POPI a major challenge for SA healthcare industry
Very few IT service providers in the South African healthcare industry are able to comply with even the minimum security standards required for compliance with the Protection of Personal Informational Act (POPI).
That's according to Dr Wim Booyse, lead in healthcare industry data policy at business consultants P'etanque International, whose recently released white paper on POPI and Healthcare Data Privacy characterises the current state of healthcare data management in South Africa as "a free for all".
"As healthcare providers come to understand that in terms of POPI, they are ultimately responsible for the security of their patients' personal information, they will start demanding that vendors provide them with certificates of compliance to international data security and privacy standards," he said.
This means that all providers of IT services to the local healthcare industry will have to go back to the drawing board and evaluate what they have to do to ensure POPI compliance. "This may require vendors to invest in new systems and processes, which has huge cost and service implications."
Booyse maintained that at the very least, all IT healthcare service providers should comply with the ISO 27000 series standard for Information Security Management Systems. At present, only 17 companies in South Africa have ISO 27000 certification - and none are in the healthcare sector.
The P'etanque International White Paper also lists a further 13 ISO and ISIO/IEC standards that should be adopted by practice management software vendors; switches and third-party aggregators; and medical aid schemes and third-party medical aid scheme administrators - all key IT players in what Booyse refers to as the healthcare claim submission value chain. This is where the greatest security risk lies, he said.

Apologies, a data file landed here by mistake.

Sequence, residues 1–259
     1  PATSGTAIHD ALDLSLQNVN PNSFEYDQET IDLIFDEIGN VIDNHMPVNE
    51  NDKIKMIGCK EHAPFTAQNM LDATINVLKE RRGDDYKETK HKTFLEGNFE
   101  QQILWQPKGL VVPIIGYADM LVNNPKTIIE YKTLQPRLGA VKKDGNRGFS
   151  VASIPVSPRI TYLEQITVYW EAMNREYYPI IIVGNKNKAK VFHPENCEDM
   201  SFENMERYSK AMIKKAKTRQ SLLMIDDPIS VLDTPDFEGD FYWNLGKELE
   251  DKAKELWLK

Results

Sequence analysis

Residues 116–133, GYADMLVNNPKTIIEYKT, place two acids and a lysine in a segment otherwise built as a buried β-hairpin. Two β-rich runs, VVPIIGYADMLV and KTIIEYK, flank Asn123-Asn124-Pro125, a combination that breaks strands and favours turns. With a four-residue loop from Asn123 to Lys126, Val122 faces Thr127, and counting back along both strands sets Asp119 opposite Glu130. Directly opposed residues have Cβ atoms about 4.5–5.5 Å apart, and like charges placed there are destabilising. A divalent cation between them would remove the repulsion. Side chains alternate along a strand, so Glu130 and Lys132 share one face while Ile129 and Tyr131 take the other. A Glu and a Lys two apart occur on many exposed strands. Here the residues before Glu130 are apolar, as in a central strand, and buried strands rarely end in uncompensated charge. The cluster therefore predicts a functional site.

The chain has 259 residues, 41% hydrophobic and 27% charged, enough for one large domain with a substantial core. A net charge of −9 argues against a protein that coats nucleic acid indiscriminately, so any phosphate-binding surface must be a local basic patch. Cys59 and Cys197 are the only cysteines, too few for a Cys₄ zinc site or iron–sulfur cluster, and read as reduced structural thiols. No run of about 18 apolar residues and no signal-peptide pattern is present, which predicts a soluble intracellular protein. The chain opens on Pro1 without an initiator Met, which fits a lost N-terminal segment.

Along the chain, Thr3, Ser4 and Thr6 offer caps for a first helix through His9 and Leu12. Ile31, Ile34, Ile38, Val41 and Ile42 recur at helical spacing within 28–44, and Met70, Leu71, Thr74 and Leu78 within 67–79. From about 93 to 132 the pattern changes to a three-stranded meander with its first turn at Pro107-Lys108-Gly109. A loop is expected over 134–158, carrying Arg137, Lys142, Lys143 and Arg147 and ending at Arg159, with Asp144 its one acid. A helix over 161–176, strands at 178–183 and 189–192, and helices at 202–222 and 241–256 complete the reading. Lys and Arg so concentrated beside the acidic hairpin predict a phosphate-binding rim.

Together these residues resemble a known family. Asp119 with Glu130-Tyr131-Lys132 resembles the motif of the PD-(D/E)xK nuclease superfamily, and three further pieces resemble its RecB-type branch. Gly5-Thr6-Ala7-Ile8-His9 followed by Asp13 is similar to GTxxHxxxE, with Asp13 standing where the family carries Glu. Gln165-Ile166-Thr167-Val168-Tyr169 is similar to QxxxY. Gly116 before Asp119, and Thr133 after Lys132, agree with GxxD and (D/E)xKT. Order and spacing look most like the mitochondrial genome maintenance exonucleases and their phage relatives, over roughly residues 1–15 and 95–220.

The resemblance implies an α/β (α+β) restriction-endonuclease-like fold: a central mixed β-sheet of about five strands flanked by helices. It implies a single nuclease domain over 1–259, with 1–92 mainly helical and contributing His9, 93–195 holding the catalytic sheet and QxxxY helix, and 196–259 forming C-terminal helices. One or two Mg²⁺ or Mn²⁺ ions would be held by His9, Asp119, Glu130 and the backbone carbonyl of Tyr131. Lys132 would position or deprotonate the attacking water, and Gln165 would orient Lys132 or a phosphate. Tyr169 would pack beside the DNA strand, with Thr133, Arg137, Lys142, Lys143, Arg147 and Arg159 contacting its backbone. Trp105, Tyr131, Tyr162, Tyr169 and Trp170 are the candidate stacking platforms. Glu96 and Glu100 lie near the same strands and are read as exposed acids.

In addition, patient information held by healthcare practices is at risk from spyware, ransomware, key-logging and phishing attacks, as well as lost and stolen devices, human error and criminal insider attacks. Third-party data storage providers who store medical records on behalf of healthcare providers for legislated timeframes which can be as long as 21 years in the case of paediatric patients, are also at risk of data breaches.
Theft and illegal collection and dissemination of this data is one of the most lucrative commercial undertakings in the world.
Forrester Research has stated that the underground value of medical records is now worth 10 times more than credit card numbers.
According to the latest Breach Level Index, the healthcare industry has been a major target of data thieves in recent years. In the first half of 2016, healthcare suffered more data breaches than any other industry, accounting for one quarter of all breaches. This directly affected over 100 million people in the United States alone.
"Healthcare providers have good faith that their IT service providers will protect them and their practice from data breaches. As the penalties for POPI transgressions in the healthcare sector are formalised, IT service providers will come under increasingly pressure to protect their customers - and their customers' patients.
"It therefore makes commercial sense for IT vendors to ensure they comply with international standards as quickly as possible," Booyse concluded.